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Is your building immoral?

You are probably thinking that this is a silly question; buildings are inanimate structures and morality is the uniquely human capacity for judgment and empathy. So, how could a building be measured by moral standards? How could it have, or lack, values?

Let me share an example. Just a few weeks ago a new sign with a large capital letter D was posted in my apartment building entry. I found out that a new local law (33/95) requires every building over 25,000 square feet to post its Energy Star Score.  Nearly 70% of greenhouse emissions in New York City come from energy used in buildings and unbeknownst to me, my own apartment building is contributing to the problem. I don’t think I ever scored a “D” before.    

So perhaps my question was not so far-fetched. Buildings, like other human creations, are designed by people, reflecting the culture, and society in which they were built. Architects strive to create timeless spaces, but these designs are inevitably infused with the styles and norms of the time. 

As architects, we have an important role in shaping the built environment. We fight climate change by making buildings energy efficient and by using locally sourced and sustainable materials. We make spaces accessible and welcoming to all people, regardless of their gender, race, or class. We strive to create buildings that embody our moral values. 

But how do we respond to the buildings we inherit that were not created with these same values, like my own home?

The lack of accessibility is a recurrent challenge in the renovation of historic buildings. My firm, Studio ST Architects, is currently working with a number of synagogues, none of which are truly accessible. The oldest, Ansche Chesed, was constructed in 1927. It has a beautiful 1600-seat sanctuary with stained-glass windows, dark wooden pews, and a towering organ. But like many prayer spaces of its time, the sanctuary was raised six feet above the lobby and street entrance, perhaps to signify its importance. This makes it challenging to access for many members, both young and old. 

The ethical dilemma in this case is especially poignant. How can we pray in a space that excludes part of the congregation? How can a space be holy if it inflicts pain?

All our synagogue clients have been deeply committed to these values and have put mobility access along with auditory and visual accessibility at the center of their proposed renovations.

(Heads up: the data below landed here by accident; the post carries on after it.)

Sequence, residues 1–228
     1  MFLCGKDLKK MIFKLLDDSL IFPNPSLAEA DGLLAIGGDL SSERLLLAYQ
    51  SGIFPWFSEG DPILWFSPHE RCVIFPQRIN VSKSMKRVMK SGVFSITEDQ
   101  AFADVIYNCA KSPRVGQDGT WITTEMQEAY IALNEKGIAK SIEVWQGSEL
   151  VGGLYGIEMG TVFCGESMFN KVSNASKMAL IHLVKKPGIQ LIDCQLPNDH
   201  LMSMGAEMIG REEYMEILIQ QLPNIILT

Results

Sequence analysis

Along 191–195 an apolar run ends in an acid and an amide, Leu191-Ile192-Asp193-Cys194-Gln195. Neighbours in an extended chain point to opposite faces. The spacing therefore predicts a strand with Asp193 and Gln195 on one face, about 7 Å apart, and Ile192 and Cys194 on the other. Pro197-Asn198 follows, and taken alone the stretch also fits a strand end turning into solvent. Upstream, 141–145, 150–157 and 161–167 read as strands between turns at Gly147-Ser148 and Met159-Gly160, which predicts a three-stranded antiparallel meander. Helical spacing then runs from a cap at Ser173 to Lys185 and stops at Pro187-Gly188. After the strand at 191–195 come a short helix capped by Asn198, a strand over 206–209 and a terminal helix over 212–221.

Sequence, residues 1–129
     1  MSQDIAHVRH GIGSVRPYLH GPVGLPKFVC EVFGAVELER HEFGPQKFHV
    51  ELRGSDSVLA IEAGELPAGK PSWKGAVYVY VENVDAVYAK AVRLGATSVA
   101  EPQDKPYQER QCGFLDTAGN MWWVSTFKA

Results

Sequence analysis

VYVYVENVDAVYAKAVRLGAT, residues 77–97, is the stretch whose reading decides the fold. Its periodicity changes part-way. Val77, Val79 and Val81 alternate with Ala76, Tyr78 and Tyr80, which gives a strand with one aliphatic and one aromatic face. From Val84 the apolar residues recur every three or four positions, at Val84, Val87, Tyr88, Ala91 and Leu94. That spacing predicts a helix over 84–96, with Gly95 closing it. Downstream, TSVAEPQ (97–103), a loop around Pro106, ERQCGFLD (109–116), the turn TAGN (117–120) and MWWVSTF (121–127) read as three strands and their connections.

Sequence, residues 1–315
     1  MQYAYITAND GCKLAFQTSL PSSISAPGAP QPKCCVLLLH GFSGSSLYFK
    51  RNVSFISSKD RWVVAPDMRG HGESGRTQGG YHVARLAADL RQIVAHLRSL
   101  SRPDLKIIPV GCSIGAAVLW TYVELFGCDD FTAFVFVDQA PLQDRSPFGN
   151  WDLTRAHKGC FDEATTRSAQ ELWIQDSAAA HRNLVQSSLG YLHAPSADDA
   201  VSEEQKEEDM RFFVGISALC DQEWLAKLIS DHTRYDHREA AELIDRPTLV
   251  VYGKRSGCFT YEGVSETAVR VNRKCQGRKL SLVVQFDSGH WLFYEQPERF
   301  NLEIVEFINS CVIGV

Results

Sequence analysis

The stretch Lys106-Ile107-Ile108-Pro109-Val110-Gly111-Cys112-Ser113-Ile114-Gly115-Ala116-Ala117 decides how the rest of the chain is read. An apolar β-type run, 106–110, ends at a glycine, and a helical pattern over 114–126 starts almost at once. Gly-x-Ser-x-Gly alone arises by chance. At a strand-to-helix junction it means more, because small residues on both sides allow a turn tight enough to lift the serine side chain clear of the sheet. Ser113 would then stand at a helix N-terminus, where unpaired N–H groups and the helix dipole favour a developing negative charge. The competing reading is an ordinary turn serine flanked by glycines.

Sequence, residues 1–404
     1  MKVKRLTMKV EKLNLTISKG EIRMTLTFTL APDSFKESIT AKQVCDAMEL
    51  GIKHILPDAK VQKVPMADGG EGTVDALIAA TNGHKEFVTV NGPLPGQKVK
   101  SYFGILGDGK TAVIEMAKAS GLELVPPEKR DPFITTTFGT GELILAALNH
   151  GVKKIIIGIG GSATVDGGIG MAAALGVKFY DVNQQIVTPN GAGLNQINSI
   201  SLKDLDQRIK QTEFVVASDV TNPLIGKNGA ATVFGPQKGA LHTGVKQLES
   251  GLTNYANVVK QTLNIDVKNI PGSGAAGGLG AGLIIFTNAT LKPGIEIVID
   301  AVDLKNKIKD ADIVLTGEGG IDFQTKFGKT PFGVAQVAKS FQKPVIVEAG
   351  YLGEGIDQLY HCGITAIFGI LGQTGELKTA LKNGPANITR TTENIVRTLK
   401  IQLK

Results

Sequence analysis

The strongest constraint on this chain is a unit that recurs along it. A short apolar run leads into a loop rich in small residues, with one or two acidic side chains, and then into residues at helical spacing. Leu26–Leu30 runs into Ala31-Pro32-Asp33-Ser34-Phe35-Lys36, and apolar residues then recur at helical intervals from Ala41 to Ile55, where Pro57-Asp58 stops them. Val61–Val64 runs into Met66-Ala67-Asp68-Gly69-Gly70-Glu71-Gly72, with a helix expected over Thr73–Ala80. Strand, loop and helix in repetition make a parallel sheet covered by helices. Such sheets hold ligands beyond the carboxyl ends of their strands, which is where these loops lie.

(New skylight and acoustic sound deflector at the Skokie Synagogue, Rendering by Studio ST Architects)

While many old buildings have been retrofitted, others may be difficult, if not impossible, to change. What should we do with these existing buildings that conflict with our understanding of inclusivity and equity? Should we continue using them in this state?

I  believe we can treat these buildings, our architectural heritage, like other aspects of our historical culture. The Western canon of art and literature excluded many groups, and religious traditions often held beliefs that we now find offensive. Our responses to these aspects of culture are complicated, but we rarely choose to completely abandon these pasts.

Existing buildings demand a similar response. Demolishing all “unethical buildings” cannot be the solution. It would erase our urban history and create unnecessary waste, potentially (and paradoxically) undermining the environment in the name of an enlightened principle. Instead, we try to renovate these buildings in order to reduce the injustice in their architecture. Perhaps, the concept of “renovation” could be a useful lens through which we can think of other aspects of our culture that need to be updated. 

We cannot judge historic buildings and past architects for their failure to express our own contemporary values. Past generations were not struggling with climate change, the needs of the LGBTQ+ community, racial biases and accessibility. Nevertheless, we cannot and should not accept the moral shortcomings that are embedded in these buildings. 

We should also remember that just as the visionaries who built some of our cities’ most beautiful and emotionally resonant buildings, were not imbued with the sensitivities we hold today, we should have the humility to appreciate that we too are likely to fall short in the eyes of future generations.

Rabbi Kook, the first chief rabbi of Israel, said “the old shall be renewed and the new shall be sanctified” (in Hebrew this rhymes). This, I believe, is our challenge – to respect yet renew the old, and to infuse our new buildings with ancient sanctity. 

I’d love to hear your thoughts. Join the conversation on Facebook

Esther Sperber is an architect, founder of Studio ST Architects. She also writes and lectures about architecture and psychoanalysis.  Her work has been published in the New York TimesThe Huffington PostLilith, the Jewish Week as well as many academic journals.